Snow may chill us through one or more receptors
New skin receptor is the tip of the iceberg.
A snowball in the face or a chilly breeze around the ankles opens a molecular trap door in our skin’s nerve cells, two studies now show1,2. A third suggests that this, the first cold sensor to be identified, is just the tip of the iceberg3.
How sensory neurons detect a drop in temperature is very hard to study because it affects so many cell processes.
A single sensor doesn’t explain everything. Félix Viana, a physiologist at Miguel Herná¡ndez University in Alicante, Spain, and colleagues have found that cold-sensitive nerves have a unique number of the ordinary potassium ion channels that are common to all nerves. "This specialized blend of ion channels makes them sensitive to cooling," he says.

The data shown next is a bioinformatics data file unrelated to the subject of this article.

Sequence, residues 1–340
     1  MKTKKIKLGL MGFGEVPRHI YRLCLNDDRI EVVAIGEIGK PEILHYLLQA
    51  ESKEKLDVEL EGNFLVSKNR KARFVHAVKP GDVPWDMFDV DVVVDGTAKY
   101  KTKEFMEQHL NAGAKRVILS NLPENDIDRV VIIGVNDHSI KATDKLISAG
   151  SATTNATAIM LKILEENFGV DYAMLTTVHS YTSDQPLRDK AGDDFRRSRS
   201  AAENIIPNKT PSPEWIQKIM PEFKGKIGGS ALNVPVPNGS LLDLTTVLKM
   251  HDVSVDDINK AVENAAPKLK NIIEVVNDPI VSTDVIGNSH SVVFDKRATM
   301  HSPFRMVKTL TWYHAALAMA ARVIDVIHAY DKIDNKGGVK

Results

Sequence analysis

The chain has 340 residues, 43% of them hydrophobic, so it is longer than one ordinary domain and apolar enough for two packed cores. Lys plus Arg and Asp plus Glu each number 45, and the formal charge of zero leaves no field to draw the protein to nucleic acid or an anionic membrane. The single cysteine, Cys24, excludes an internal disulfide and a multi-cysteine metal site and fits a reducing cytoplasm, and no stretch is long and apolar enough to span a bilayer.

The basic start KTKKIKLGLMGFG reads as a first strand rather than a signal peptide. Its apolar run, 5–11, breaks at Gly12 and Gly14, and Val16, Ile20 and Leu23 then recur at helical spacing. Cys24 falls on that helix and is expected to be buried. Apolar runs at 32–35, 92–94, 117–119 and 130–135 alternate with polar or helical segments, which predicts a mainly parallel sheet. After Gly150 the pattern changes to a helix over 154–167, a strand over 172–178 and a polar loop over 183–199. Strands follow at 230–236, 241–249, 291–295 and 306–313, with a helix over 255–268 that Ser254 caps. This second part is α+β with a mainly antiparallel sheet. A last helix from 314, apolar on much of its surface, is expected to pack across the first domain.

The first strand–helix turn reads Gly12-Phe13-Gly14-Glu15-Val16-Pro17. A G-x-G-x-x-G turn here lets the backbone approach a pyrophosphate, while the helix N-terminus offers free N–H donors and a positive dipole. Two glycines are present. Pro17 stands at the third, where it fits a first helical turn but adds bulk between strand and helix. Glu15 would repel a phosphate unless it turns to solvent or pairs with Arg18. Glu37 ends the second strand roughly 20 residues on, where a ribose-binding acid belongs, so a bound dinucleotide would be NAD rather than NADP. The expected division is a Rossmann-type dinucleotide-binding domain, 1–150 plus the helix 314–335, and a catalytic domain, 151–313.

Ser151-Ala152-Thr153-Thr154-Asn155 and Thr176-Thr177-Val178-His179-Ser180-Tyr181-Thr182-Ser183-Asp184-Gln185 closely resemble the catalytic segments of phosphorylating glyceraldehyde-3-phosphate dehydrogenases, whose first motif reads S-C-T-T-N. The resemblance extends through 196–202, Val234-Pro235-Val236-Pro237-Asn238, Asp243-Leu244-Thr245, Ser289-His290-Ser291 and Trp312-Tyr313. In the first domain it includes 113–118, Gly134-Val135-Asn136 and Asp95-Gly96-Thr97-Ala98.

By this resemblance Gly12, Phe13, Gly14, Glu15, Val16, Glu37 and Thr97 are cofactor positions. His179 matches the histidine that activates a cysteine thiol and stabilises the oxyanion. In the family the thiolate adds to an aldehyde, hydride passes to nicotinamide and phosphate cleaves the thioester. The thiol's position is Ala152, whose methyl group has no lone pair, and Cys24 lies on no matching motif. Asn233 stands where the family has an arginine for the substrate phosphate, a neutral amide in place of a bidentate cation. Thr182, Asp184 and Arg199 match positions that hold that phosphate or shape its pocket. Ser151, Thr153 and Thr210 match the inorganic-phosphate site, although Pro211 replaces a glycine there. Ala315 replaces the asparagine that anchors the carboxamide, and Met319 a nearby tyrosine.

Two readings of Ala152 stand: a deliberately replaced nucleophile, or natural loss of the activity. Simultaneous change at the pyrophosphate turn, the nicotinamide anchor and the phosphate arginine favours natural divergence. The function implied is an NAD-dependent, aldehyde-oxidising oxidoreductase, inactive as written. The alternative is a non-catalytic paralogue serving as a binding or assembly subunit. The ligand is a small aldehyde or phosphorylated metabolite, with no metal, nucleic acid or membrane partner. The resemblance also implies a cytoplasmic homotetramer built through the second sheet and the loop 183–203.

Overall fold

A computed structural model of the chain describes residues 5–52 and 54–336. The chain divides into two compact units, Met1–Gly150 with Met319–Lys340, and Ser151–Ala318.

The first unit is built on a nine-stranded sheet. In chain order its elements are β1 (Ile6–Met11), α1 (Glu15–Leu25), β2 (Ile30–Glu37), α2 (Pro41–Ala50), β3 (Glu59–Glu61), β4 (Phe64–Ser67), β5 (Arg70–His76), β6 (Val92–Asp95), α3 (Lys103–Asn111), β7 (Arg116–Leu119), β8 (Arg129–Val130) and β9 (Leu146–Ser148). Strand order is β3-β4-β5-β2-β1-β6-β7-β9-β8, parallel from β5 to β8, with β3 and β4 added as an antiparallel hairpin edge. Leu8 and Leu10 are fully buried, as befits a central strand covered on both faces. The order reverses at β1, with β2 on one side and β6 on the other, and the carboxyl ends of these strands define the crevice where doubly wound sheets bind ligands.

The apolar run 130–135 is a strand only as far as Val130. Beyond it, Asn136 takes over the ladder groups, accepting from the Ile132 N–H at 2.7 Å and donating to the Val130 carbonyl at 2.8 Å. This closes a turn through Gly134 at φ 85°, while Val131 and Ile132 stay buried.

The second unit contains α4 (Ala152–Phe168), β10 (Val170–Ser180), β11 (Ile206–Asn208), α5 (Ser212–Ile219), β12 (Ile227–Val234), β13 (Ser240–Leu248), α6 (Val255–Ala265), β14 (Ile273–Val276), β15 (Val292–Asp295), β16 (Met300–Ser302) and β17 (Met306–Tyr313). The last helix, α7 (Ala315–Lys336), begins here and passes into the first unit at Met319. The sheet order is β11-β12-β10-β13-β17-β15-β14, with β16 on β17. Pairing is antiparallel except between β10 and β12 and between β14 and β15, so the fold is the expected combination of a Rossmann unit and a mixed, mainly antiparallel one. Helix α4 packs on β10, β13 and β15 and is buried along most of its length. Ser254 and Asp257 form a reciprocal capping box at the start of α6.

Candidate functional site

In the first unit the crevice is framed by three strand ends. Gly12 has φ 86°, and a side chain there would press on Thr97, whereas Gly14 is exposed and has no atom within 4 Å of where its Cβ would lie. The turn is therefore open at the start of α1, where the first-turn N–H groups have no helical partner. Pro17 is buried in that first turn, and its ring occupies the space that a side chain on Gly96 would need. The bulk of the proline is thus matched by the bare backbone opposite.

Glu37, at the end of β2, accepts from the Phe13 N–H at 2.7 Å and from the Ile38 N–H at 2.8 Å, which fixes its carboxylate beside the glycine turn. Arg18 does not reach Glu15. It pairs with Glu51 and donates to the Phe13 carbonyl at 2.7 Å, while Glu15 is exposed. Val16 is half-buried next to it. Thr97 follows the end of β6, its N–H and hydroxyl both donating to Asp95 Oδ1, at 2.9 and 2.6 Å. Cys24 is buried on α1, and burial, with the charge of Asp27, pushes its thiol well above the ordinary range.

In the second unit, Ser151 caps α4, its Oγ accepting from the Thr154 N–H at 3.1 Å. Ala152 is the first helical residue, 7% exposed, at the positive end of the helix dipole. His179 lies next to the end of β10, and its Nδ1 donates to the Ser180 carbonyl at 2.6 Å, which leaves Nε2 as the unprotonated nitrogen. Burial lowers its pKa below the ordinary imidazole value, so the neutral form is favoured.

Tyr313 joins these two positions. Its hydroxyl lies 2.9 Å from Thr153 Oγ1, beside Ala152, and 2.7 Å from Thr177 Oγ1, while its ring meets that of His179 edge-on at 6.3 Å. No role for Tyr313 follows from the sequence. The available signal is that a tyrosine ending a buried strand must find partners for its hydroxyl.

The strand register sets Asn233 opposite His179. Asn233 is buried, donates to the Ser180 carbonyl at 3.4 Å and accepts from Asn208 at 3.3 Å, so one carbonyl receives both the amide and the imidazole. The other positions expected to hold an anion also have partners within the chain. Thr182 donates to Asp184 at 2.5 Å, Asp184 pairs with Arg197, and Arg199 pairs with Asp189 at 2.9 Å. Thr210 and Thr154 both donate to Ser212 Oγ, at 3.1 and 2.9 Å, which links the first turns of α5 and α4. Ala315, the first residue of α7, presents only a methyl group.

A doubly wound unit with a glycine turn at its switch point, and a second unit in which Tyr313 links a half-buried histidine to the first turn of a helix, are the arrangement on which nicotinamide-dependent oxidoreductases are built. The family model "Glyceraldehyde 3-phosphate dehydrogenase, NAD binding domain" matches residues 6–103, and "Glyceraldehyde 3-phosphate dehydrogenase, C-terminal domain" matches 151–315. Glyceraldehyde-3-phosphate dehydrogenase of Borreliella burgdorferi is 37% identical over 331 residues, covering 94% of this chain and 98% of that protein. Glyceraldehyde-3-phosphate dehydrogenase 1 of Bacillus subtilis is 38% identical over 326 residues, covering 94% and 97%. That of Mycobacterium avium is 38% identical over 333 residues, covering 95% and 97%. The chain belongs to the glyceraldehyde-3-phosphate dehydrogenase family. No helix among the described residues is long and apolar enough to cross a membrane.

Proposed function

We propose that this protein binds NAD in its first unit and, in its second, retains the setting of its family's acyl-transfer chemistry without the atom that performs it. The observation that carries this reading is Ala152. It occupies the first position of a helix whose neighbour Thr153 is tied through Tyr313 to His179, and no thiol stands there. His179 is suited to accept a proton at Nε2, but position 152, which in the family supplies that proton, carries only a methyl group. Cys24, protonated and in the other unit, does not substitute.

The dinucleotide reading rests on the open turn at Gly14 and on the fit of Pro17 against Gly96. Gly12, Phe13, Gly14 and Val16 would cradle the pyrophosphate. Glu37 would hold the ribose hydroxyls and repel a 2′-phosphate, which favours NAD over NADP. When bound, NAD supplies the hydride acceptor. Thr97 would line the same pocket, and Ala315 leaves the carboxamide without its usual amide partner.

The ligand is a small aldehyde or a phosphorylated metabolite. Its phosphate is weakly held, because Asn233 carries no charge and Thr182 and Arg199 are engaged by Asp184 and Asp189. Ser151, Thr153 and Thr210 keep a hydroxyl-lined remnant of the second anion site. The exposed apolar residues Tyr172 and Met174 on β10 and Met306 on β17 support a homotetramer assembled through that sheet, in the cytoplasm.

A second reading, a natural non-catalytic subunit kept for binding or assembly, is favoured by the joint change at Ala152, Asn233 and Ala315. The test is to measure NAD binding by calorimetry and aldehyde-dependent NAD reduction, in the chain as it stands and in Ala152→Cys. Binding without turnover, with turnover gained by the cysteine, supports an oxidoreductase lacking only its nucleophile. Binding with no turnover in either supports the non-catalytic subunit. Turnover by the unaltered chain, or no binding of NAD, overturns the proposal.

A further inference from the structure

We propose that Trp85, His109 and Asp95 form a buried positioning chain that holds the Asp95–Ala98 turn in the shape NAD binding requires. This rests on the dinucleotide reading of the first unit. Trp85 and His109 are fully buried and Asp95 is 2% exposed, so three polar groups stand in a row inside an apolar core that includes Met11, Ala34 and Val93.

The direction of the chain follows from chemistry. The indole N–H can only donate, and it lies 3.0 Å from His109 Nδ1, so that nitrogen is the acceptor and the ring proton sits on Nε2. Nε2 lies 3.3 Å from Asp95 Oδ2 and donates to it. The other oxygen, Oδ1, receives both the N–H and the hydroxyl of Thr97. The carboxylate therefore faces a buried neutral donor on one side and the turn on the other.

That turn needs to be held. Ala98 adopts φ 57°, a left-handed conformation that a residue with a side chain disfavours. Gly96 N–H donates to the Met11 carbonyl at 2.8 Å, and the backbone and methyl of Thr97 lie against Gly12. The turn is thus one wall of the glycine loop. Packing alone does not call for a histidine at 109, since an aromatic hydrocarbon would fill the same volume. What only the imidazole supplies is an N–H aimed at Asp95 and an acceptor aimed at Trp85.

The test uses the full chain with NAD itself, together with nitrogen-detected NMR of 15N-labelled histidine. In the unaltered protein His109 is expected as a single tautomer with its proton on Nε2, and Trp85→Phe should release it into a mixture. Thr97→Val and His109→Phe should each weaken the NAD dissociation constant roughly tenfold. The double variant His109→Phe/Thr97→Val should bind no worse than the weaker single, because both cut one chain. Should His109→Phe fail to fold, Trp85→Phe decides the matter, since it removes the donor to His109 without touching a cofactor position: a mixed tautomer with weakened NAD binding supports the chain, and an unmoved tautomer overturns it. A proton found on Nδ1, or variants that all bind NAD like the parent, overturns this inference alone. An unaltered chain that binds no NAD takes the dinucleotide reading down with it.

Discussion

The Spanish group looked for a specific receptor but didn’t find one, says Viana. But "just because you don’t find something it doesn’t mean it’s not there," he admits.
The three studies present new and different explanations for how we detect cold. Physiologist Arthur Craig at Barrow Neurological Institute in Phoenix, Arizona, wonders whether a lone cold sensor would be diverse enough to explain the range of temperatures that our skin is sensitive to. Viana’s model accounts for this, he points out.
Like any well-engineered system, the body’s temperature-sensing network almost certainly has back-up mechanisms. Says Craig: "Biology is based on redundancy" - the teams are probably just working on different parts of the problem. "We can be sure that the biology is more complex than either study," he adds.
TOM CLARKE | © Nature News Service
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